Immediately after extracting the leaf samples, they were introduced to liquid nitrogen and transferred to the laboratory, where they were preserved in an ultra-cold chamber (-80°C). The RNA extraction of the 12 leaf samples of both accessions was done in the laboratory of the Genomics Unit of the Universidad Peruana Cayetano Heredia (UPCH, Lima, Perú). The extraction protocol used was pre-tested and standardized (Espinoza, 2017). Leaf tissue (1 to 2 g) was crushed using a mortar and pestle with liquid nitrogen. Thereafter, Tri®Reagent (Sigma) (1ml/100g of tissue) and chloroform (200ul/1ml of Tri®Reagent) were used to continue the centrifugation series without breaking the cold chain (4°C) and to avoid RNA degradation. The precipitation of the “pellet” was achieved with isopropanol and washing with 75% ethanol. The samples were treated with a DNA-freeTM Kit (Ambion, USA) to clean contaminating DNA, ensuring optimal quality and quantity of the total RNA. The quality of total RNAs was confirmed through the absorbance ratio on a Thermo Scientific Spectrophotometer NanoDrop 2000, the RNA Integrity Number (RIN) on an Agilent 2000 Bioanalyzer (Plant RNA Nano Chip, Agilent), and the absence of smear.

The concentration of total RNA extracted ranged from 93.13 to 468.01 ng/ul, with an average of 297.63 ng/ul, in an average extraction volume of 69.66 ul. The purity values ​​of the RNA evaluated by spectrophotometry were on average 2.14 (absorbance A260/A280) and 2.23 (absorbance A260/A230). The RIN integrity values ranged from 7.7 to 8.6, with an average of 8.13. The results of the amount of total extracted RNA (ng/ul) and the absorbance and integrity of the RNA of the 12 samples are given in Supplementary Table 1.

Sequencing was performed on the Illumina Hi-Seq 2500 platform, with Q30 (i.e., below 1/1000 of sequenced nucleotides) and a sequencing accuracy of 99.9%. The size of the reading fragments was 150 bp. Twelve cDNA paired-ends (PE) libraries were constructed. This process was achieved through the service of NovoGene Corporation Inc. (California, USA, https://en.novogene.com/).

Bioinformatic analysis of RNAseq data

The bioinformatic analysis (Gollery, 2006) was performed using the server and platform in a Linux environment (Carreño, 2017). FastQC (Leggett et al., 2013) (http://www.bioinformatics.babraham.ac.uk/projects/fastqc/) was used to assess the quality of the sequences considering only libraries with Q ≥ 33. Trimmomatix (Bolger et al., 2014) (https://github.com/kbaseapps/kb_trimmomatic) was used to clean the sequences of the Illumina adapters, considering a score of 33 and filtering the libraries with a minimum length of 145 bp in the reads. STAR (Dobin and Gingeras, 2015) was used for the mapping of the libraries to the reference genome of S. phureja, which was annotated by the Potato Genome Sequencing Consortium (PGSC) DM v4.03 (Xu et al., 2011). The *.sam files were converted to *.bam using SAMtools (http://www.htslib.org) (Li et al., 2009). SUBREAD (featureCounts) facilitated the quantification of the levels of expression of transcripts between treatments, obtaining a “count table” with the number of reads mapped to each segment of the genome (“transcripts”) and their corresponding values ​​in count-per-million (CPM), which were further used to detect differentially expressed genes (DEGs) among resistant and susceptible accessions.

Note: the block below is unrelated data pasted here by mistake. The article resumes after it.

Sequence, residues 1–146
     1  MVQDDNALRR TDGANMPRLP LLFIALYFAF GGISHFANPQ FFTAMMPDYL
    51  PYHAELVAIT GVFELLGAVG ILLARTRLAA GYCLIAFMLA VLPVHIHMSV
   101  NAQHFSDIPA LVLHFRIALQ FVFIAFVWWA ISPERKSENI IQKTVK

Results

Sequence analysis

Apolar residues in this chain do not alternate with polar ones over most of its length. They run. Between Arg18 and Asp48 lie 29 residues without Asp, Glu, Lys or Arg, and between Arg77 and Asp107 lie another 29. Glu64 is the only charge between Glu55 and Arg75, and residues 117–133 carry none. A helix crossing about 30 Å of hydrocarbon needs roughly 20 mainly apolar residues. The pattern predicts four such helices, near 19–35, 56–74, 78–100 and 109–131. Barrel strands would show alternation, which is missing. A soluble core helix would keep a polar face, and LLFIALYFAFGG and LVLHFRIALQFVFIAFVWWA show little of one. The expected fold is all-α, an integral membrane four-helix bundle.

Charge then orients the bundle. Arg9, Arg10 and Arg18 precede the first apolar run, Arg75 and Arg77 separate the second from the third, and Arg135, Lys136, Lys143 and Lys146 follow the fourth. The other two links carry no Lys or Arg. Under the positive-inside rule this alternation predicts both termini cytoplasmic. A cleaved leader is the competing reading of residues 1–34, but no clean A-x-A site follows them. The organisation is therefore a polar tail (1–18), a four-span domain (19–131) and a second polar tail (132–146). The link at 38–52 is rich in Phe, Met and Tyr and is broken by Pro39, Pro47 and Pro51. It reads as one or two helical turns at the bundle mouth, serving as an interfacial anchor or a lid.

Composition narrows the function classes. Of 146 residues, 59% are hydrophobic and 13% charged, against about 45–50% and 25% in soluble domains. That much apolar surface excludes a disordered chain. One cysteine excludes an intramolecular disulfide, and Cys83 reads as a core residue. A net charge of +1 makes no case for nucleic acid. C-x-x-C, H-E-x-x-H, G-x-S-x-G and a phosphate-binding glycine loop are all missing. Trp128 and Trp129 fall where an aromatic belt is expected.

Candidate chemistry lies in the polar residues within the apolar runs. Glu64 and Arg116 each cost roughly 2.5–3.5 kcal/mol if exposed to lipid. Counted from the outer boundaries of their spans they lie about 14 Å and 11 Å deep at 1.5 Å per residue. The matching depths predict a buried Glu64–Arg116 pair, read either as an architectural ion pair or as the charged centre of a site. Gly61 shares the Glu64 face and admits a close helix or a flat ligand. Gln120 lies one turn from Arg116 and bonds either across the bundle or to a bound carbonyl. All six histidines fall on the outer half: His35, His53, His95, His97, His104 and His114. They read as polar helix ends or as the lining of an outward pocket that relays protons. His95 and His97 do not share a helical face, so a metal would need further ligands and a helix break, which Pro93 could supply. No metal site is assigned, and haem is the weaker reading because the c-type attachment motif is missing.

The predictive analysis of DEGs when comparing the two transcriptomes of both cultivar accessions in response to stress with P. infestans was performed using the bioconductor package edgeR in the Rstudio environment. The input (table count data) was extracted to the R environment through read.delim and principal component analysis (PCA) of the 12 libraries with unfiltered data was performed with the DGEList and plotMDS packages. The filtering was performed with CPM rather than filtering the counts directly. CPMs of differentially expressed transcripts were then normalized using the cpm and calcNormFactors packages. The model was defined considering the experimental design using the model.matrix and estimateDisp packages so that the dispersion of the transcripts was only due to the effect of the treatments. The adjustment of the values was made to the quasi-likelihood (QL) F-tests, since the number of biological replicates was below five (Law et al., 2018), using the glmQLFTest and TopTags packages. Differentially expressed transcripts or candidate genes for host plant resistance were considered if they had a greater difference in abundance with Log2FC ≥ 2 up-expressed and Log2FC ≤ -2 down-expressed, at a probability of significance below or equal to 0.0001, and with a probability of false positive readings below 0.001 with the Benjamini-Hochberg method. “complexHeatmap” and “ggplot2” were used to make the smear, volcano, and heatmap plots. Likewise, the software Venny 2.1 (Oliveros, 2016) was used to organize the DEG sets in a Venn Euler diagram.

Functional analysis of the over and underexpressed transcripts was performed separately. The gene ontology (GO) and the enrichment of DEGs in metabolic pathways noted in the Kyoto Encyclopedia of Genes and Genomes (KEGG) was facilitated by the g:Profiler software (Raudvere et al., 2019) (https://biit.cs.ut.ee/gprofiler/gost) using the database of S. tuberosum PGSC_GENE, providing the identifiers (IDs) of the genes and their corresponding significant value (padj < 0.05) over and underexpressed peptides. To calculate the padj, the Benjamini-Hochberg FDR (false discovery rate) method was used, using g:Profiler and g:GOSt (functional profiling), with the user threshold at 0.05.

Results

Phenotyping of diploid StAG cultivar accessions